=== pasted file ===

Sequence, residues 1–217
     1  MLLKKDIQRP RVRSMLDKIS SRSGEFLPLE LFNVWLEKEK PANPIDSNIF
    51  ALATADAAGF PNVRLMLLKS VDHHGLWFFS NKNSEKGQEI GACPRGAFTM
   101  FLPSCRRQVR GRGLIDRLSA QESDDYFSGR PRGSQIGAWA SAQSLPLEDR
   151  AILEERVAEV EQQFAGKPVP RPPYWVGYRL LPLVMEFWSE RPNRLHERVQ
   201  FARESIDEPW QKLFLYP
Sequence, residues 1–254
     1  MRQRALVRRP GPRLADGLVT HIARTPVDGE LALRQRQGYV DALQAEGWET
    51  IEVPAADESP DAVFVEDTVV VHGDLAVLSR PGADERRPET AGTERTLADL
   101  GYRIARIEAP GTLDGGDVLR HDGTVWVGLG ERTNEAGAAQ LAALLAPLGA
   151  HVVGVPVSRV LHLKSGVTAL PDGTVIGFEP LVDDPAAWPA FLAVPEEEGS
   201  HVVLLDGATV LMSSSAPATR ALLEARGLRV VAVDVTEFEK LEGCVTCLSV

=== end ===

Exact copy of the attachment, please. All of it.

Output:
Sequence, residues 1–217
     1  MLLKKDIQRP RVRSMLDKIS SRSGEFLPLE LFNVWLEKEK PANPIDSNIF
    51  ALATADAAGF PNVRLMLLKS VDHHGLWFFS NKNSEKGQEI GACPRGAFTM
   101  FLPSCRRQVR GRGLIDRLSA QESDDYFSGR PRGSQIGAWA SAQSLPLEDR
   151  AILEERVAEV EQQFAGKPVP RPPYWVGYRL LPLVMEFWSE RPNRLHERVQ
   201  FARESIDEPW QKLFLYP
Sequence, residues 1–254
     1  MRQRALVRRP GPRLADGLVT HIARTPVDGE LALRQRQGYV DALQAEGWET
    51  IEVPAADESP DAVFVEDTVV VHGDLAVLSR PGADERRPET AGTERTLADL
   101  GYRIARIEAP GTLDGGDVLR HDGTVWVGLG ERTNEAGAAQ LAALLAPLGA
   151  HVVGVPVSRV LHLKSGVTAL PDGTVIGFEP LVDDPAAWPA FLAVPEEEGS
   201  HVVLLDGATV LMSSSAPATR ALLEARGLRV VAVDVTEFEK LEGCVTCLSV